Inhibiting antibodies in patients with hemophilia A pose a significant therapeutic dilemma in the treatment of bleeding episodes. The genetic factors which predispose hemophiliacs to inhibitors and the optimal method for inhibitor suppression remain obscure. Hence, an animal model of the human FVIII inhibitor response is of potential value. Sprague-Dawley rats immunized with human recombinant FVIII. (rFVIII) subsequently developed abnormal coagulation parameters coincident with the development of all immune response to the human protein. The epitopes for the resultant rat anti-rFVIII antibodies were mapped using a random fragment expression library constructed from the FVIII cDNA. Antigenic regions located within the A1, First and Second Acidic and B domains were mapped. Rat immunoglobulins reactive with the individual epitopes were immunoaffinity purified and assayed for inhibitory activity. Several of the epitopes mapped using the rat antibodies were similar to regions previously shown to be antigenic for human inhibitors. By contrast, no epitopes were mapped to the A2 domain with the techniques used. This may be due to the pos sible presence of conformational epitopes in this area which cannot undergo fragmentation and still retain antigenicity or the presence of relatively low concentrations of antibodies to this region. The rat model shares some similarity with both the auto- and alloimmune human response to FVIII and therefore-may be a valuable model for studies on the induction and suppression of the inhibitor response.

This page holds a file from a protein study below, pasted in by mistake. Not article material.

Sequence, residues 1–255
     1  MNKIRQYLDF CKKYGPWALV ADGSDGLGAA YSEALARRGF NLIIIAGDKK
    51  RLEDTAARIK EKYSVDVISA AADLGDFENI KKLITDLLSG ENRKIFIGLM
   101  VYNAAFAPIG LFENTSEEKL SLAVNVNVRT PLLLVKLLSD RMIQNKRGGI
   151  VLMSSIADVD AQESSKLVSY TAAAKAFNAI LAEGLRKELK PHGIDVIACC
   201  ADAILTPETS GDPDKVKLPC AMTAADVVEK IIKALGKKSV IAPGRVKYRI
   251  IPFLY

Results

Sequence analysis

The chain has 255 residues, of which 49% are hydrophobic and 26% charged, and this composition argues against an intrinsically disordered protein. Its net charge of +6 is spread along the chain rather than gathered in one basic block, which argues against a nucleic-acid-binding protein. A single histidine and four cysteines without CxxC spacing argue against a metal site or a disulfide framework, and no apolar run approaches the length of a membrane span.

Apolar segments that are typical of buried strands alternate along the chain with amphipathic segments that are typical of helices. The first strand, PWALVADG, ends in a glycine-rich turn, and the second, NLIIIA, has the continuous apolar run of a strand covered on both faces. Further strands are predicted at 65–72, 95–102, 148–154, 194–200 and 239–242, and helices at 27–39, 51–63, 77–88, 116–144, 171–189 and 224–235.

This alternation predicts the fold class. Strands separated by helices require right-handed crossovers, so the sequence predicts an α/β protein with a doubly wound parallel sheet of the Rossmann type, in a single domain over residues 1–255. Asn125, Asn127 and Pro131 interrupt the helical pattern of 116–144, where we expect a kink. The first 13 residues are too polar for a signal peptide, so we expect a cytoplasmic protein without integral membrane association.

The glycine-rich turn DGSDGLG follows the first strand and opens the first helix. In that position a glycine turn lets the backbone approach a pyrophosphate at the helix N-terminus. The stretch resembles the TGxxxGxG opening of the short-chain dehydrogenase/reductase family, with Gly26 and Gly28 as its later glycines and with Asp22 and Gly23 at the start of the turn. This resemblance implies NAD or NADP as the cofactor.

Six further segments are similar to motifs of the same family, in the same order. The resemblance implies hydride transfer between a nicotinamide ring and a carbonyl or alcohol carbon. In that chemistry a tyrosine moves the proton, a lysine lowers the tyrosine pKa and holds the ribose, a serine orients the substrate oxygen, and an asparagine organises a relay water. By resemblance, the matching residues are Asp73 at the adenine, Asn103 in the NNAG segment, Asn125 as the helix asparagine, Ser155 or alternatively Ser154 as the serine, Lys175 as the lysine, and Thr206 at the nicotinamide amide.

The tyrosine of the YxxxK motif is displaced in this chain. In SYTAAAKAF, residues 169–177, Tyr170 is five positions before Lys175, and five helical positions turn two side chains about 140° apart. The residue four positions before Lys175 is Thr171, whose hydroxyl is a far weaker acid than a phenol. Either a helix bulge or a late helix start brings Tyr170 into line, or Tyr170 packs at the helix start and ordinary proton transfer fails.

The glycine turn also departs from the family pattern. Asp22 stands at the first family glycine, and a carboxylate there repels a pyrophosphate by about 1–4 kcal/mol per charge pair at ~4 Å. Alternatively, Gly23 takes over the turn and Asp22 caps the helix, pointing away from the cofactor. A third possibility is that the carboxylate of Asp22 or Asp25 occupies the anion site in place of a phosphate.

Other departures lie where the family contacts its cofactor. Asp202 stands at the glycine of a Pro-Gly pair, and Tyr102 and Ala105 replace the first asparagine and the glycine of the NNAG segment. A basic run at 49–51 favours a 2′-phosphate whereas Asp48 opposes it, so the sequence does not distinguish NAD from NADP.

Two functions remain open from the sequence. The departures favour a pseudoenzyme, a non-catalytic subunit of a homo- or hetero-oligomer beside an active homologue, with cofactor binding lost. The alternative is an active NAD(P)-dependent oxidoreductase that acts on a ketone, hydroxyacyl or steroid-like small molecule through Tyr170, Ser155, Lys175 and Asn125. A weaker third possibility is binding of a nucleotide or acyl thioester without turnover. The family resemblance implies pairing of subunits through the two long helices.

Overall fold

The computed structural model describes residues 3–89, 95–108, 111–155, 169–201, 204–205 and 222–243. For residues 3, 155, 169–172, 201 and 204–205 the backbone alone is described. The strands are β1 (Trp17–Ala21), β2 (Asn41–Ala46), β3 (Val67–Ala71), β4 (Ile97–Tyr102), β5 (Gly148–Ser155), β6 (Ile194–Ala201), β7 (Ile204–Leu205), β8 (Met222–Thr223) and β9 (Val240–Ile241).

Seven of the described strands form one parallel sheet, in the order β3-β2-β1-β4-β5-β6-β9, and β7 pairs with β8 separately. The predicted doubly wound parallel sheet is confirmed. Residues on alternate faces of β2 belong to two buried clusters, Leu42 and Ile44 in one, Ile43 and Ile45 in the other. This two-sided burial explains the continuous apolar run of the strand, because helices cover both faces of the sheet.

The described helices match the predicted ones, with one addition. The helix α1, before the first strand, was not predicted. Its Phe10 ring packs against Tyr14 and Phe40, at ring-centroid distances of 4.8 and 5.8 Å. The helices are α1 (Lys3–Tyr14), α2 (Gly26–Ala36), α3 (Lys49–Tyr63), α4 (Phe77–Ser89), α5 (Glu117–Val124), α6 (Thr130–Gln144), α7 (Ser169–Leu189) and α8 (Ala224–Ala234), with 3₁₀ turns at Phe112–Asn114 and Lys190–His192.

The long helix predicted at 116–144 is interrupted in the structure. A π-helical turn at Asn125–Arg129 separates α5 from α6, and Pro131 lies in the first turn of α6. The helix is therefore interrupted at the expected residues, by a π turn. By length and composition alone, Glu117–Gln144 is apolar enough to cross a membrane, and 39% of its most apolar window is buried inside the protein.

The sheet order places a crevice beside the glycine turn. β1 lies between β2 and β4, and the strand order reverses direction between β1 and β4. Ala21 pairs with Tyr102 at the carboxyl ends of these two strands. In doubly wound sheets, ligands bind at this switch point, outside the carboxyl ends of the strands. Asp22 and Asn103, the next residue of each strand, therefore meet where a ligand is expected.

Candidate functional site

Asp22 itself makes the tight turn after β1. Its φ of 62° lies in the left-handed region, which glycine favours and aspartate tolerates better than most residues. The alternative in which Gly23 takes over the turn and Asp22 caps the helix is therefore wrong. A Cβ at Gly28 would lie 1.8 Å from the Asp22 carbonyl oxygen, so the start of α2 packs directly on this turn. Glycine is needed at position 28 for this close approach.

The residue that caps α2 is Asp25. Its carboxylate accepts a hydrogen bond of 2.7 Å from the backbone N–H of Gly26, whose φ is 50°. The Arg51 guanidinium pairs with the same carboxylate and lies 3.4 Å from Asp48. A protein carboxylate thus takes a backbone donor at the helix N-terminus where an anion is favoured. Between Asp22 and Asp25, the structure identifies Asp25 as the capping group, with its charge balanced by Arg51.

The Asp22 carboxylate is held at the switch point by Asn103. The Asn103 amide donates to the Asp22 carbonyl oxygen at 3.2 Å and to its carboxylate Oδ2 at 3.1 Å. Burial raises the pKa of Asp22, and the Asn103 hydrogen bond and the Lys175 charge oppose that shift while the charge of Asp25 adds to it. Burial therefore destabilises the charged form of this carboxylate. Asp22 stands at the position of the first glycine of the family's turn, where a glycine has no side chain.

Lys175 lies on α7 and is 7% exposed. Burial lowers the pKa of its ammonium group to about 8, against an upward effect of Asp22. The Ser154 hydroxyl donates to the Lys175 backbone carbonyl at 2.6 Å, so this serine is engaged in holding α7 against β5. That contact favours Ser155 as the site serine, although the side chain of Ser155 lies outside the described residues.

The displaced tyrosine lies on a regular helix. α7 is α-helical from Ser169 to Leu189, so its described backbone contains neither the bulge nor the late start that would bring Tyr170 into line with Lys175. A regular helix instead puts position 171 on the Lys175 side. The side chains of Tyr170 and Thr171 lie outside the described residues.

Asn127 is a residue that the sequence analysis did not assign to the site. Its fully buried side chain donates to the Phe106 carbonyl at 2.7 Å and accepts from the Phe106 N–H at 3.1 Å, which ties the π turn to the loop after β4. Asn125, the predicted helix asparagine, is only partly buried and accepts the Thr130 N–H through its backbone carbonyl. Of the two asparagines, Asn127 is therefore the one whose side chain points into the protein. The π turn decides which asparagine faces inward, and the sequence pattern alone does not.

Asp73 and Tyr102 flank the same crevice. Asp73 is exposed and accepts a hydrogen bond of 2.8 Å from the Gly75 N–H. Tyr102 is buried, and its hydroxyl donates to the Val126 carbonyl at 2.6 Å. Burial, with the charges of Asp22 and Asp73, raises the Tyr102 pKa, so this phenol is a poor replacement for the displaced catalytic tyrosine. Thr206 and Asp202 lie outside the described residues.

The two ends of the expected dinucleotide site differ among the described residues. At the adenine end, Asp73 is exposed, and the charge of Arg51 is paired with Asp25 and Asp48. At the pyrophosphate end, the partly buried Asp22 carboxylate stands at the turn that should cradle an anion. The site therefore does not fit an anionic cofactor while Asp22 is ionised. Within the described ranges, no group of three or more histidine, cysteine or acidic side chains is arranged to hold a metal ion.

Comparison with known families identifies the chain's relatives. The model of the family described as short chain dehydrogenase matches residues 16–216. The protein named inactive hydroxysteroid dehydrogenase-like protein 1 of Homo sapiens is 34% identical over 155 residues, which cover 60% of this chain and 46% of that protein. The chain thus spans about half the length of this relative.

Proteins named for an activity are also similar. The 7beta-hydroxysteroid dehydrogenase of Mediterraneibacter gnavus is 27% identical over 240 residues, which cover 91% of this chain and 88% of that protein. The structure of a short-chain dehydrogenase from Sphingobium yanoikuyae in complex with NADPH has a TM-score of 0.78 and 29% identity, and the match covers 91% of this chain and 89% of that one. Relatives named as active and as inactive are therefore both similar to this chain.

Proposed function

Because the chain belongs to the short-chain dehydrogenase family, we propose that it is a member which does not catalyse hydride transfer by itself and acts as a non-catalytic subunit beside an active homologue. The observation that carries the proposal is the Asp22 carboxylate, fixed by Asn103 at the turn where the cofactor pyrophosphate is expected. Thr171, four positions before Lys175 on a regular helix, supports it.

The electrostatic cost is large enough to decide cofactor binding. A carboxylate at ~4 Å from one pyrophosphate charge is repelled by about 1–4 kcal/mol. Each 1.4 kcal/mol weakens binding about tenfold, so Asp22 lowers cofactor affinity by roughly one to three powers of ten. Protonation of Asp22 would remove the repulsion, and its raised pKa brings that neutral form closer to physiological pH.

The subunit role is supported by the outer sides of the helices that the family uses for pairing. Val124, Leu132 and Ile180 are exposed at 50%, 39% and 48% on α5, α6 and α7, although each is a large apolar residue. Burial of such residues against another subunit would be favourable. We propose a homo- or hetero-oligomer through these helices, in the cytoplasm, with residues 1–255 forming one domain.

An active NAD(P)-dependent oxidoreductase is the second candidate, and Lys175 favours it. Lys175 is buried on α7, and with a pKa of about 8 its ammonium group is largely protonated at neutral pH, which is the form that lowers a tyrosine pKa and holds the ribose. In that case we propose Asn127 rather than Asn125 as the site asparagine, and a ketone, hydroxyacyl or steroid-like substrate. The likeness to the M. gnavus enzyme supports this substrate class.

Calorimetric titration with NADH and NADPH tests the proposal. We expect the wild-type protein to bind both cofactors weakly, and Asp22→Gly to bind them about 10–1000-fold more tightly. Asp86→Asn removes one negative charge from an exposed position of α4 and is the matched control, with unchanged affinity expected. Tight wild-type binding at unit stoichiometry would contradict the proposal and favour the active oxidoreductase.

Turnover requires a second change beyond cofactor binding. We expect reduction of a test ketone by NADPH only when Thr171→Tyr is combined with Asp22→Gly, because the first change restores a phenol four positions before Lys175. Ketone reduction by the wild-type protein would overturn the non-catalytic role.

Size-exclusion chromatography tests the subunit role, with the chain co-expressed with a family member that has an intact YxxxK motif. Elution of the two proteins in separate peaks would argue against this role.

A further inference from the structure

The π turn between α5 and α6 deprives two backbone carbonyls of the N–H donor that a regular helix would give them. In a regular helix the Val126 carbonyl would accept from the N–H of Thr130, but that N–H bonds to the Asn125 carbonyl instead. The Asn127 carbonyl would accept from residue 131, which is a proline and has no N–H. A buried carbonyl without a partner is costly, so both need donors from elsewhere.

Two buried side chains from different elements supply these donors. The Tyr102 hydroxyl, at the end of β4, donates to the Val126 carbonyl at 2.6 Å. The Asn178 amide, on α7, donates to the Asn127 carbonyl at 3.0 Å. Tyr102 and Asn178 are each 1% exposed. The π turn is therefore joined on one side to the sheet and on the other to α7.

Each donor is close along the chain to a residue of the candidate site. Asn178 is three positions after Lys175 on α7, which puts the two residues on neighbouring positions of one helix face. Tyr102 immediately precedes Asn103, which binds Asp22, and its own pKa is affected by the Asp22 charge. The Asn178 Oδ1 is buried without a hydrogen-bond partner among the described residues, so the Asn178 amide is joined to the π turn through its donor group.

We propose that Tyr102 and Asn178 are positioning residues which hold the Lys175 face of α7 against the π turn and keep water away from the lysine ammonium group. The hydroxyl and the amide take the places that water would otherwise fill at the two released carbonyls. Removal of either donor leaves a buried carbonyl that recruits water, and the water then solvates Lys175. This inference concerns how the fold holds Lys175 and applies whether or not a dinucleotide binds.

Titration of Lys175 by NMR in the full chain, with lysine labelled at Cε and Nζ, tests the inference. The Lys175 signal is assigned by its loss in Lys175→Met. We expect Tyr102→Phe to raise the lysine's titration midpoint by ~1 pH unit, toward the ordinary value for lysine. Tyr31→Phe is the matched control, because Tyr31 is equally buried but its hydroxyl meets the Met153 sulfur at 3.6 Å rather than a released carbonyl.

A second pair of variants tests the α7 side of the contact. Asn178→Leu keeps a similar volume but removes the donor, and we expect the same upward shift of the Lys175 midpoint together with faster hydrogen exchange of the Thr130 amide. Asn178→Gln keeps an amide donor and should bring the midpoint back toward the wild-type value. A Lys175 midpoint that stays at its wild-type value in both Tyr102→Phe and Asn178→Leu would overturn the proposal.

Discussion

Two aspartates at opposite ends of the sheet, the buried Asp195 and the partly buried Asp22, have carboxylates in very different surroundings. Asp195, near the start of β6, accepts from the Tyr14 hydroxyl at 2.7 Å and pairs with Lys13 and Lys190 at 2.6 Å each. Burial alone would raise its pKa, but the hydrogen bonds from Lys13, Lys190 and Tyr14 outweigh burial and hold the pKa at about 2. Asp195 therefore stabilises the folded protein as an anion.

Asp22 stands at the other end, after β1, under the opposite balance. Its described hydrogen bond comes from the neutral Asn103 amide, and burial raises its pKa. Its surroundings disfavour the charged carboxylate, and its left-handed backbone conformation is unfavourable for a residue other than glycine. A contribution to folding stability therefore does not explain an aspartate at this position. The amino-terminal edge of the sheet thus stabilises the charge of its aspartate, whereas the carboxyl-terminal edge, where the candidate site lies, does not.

|Original language||English (US)|
|Number of pages||6|
|Journal||Thrombosis and Haemostasis|
|State||Published - Dec 1996|
ASJC Scopus subject areas